Her experience in New Zealand in 1941-42 was ‘‘a Pacific interlude in a turbulent life’’ so that New Zealand ‘‘came to represent a respite and a haven, adding a little colour to an otherwise sombre literary palette’’. Thus there is a case to be made for her as a New Zealand writer, one who had ‘‘more of New Zealand in [her] writing’’ than can be found in the writing of Katherine Mansfield.

Sturm perhaps overstates the case of Kavan as a significant "New Zealand" writer (only a handful of her 20 published books deal with New Zealand), but she has in this book, as C.K. Stead states in the foreword, made available for readers "an essentially 'New Zealand' work, previously lost to us—a piece of recovered history."

Kavan’s manuscript, made up of 18 stories that form a slightly fictionalised autobiographical account of her stay at Torbay with Ian Hamilton and her wartime sea journey from New Zealand to England afterwards, is worth recovering. In her first story Kavan described her strategy as being not to fight history but to ‘‘simply submit and record what happens," and she does this with sensitivity and insight. She captures the feel of life in Torbay — the sea and sky and shore; the eccentric neighbours; the Maori man with "two faces," caught between his given Maori and his assumed Pakeha identities; the slow rhythm of communal life; the very different world of Sargeson and the North Shore intelligentsia.

She also captures the feel of the strange, dreamlike yet dangerous journey to England, the ship a self-contained, seemingly timeless world that left her "feeling unequal to facing life apart from [it], just as a person who has been ill a long time shrinks from living without the buffer of his disease."

Kavan’s account is an attractive piece of impressionistic observation of the self and the worlds which it passes through, not a major New Zealand text but a welcome one, while Sturm’s editorial material adds considerably to our knowledge of an interesting international writer.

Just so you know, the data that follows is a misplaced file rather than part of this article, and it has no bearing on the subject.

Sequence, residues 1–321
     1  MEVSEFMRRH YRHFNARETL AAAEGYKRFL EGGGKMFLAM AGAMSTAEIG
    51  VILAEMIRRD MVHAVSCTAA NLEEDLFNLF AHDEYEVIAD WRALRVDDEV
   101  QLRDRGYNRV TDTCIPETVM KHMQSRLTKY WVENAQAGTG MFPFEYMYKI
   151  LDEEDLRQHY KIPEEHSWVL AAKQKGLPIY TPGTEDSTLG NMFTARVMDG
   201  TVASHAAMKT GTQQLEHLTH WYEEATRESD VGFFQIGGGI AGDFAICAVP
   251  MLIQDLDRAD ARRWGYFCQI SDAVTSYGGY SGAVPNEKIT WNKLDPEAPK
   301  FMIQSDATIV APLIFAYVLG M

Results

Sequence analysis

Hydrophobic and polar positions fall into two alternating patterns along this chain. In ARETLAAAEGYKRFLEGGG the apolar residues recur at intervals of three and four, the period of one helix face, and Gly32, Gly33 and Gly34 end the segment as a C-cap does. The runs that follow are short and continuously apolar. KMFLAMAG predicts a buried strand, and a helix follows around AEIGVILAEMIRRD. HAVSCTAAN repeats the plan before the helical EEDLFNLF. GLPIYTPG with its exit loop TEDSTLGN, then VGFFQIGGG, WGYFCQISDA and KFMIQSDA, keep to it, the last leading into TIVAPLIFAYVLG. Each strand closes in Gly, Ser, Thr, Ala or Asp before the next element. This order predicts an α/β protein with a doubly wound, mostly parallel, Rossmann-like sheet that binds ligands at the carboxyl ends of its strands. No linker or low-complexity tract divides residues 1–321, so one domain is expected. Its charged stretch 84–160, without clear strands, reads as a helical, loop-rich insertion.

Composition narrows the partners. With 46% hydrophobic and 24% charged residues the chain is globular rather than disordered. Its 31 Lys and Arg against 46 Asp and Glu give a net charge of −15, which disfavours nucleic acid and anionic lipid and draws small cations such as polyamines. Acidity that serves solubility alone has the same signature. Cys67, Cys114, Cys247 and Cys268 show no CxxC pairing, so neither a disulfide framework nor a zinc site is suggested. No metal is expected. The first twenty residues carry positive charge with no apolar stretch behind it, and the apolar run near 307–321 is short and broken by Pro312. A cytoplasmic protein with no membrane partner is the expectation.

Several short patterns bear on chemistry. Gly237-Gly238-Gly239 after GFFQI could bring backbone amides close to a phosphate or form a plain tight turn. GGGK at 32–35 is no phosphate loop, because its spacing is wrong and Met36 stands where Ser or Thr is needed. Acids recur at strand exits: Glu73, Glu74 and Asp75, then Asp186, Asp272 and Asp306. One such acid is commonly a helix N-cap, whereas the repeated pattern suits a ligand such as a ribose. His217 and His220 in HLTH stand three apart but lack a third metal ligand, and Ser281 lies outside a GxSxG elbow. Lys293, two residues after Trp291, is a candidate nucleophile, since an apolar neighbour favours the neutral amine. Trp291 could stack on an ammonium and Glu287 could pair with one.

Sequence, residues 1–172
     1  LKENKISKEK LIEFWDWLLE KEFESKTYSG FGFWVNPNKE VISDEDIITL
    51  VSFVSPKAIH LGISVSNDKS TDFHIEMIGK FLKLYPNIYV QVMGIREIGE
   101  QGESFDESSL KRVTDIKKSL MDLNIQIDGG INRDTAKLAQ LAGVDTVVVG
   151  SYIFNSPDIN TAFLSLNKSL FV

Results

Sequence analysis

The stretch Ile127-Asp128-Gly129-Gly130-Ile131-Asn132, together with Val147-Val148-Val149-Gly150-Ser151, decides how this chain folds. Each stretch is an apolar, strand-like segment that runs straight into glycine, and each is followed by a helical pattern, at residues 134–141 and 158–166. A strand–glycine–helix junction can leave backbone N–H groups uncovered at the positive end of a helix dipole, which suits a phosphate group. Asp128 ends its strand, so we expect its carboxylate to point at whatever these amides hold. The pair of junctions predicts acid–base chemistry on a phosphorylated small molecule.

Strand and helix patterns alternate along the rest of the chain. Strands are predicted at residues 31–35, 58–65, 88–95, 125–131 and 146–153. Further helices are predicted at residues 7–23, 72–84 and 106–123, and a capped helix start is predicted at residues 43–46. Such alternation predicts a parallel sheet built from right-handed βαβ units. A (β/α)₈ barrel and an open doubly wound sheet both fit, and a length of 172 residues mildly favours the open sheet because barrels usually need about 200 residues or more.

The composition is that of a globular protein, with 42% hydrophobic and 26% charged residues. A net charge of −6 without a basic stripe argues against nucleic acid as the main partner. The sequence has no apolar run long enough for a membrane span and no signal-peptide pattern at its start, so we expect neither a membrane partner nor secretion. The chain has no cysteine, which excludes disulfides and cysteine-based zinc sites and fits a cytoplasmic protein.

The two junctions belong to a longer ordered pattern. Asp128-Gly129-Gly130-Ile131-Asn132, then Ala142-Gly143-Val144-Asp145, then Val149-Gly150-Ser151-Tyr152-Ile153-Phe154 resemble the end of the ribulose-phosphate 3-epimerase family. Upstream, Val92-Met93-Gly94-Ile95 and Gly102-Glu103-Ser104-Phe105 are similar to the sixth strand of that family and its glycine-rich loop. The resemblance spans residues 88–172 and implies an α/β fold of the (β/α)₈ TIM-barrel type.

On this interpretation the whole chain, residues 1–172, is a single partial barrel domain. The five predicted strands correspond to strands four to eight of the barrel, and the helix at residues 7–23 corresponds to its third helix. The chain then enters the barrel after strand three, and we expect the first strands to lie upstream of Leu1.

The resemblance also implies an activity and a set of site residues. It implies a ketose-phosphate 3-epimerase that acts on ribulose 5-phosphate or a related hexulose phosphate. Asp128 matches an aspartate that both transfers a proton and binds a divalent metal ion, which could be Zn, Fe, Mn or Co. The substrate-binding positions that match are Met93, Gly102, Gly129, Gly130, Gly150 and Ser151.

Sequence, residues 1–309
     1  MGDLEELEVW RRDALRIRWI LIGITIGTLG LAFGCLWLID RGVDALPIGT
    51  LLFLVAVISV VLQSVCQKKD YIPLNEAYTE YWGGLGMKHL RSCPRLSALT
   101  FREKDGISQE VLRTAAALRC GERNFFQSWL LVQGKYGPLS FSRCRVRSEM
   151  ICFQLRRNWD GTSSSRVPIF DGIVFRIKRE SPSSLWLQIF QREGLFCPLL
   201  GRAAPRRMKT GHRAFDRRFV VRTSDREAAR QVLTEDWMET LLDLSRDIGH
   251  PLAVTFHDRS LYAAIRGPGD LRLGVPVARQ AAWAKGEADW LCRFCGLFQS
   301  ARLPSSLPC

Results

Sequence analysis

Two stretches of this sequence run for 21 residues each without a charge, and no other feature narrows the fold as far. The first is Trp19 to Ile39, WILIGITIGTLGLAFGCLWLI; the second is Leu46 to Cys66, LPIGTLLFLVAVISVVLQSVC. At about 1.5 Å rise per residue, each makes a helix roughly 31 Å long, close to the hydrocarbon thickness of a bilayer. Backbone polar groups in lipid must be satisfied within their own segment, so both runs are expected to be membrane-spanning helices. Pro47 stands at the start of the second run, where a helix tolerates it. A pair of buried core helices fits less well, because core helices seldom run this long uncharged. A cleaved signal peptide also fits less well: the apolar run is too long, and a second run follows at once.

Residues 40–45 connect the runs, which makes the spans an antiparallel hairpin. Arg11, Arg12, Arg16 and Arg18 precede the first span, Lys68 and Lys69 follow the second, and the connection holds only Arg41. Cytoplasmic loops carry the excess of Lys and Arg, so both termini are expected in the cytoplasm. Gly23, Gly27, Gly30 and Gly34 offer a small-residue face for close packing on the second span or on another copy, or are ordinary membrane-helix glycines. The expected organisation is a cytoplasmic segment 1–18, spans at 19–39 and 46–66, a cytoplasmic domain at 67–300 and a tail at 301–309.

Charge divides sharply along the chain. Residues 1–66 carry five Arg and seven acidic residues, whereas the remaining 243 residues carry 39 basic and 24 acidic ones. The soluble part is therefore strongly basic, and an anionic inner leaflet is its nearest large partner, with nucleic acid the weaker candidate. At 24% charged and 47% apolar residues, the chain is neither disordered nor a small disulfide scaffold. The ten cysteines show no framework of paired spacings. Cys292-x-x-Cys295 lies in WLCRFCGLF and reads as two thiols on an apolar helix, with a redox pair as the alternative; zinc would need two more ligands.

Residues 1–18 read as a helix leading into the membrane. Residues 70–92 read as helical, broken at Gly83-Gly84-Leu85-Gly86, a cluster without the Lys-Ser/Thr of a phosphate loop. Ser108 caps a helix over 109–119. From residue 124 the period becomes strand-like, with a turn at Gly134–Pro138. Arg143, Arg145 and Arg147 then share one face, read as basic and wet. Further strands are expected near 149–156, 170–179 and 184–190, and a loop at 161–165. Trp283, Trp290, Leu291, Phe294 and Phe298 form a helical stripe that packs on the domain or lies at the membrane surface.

Monday, May 18, 2009

Logics: a reminder

a. Deduction allows deriving b as a consequence of a (deriving the consequences of what is assumed [synagögé or anagögé]) = applying a law

b. Induction allows inferring a from multiple instantiations of b when a entails b (inferring probable antecedents as a result of observing multiple consequents [epagögé, "bringing in"]) = inferring a law

c. Abduction allows inferring a as an explanation of b (inferring the precondition a from the consequence b [apagögé—note that Peirce translates this term as retroduction]), a.k.a. "inference to the best explanation" = assuming a law (i.e. a hypothesis)

Peirce's definition of abduction differs: it is "the inference of the truth of the minor premiss of a syllogism of which the major premiss is selected as known already to be true while the conclusion is found to be true," i.e. it supplies the middle premise of an enthymeme. What is called abduction above, Peirce calls . . .

d. Retroduction, which is "reasoning from consequent to [hypothetical] antecedent" (C. S. Peirce, "A Neglected Argument for the Reality of God" [1908], CP 6.469-70). Peirce sometimes calls it "Hypothetic Inference." It "depends on our hope, sooner or later, to guess at the conditions under which a given kind of phenomenon will present itself" (Letter to F. A. Woods [1913], CP 8.385-88). Cf. the fallacy of post hoc ergo propter hoc.

Thus, we can infer the conditions of possibility of a state of affairs, e.g. a problem in argumentation, existing.


Topoi 2: strange logics/hypertopias

The panoply of possibilities (truths, many worlds, the field of argument) > a reality (Truth, the world, an argument).

= the collapse of the wave-function in observation—or in writing, the assumption that you must reduce your argument to a singular position.

Cf. Kochen & Specker (1967): every statement about a quantum system must
a. rely on a host of assumptions, and/or
b. refuse to obey the standard rules of logic (which are distributive and use the Boolean operators "and," "or," and "not").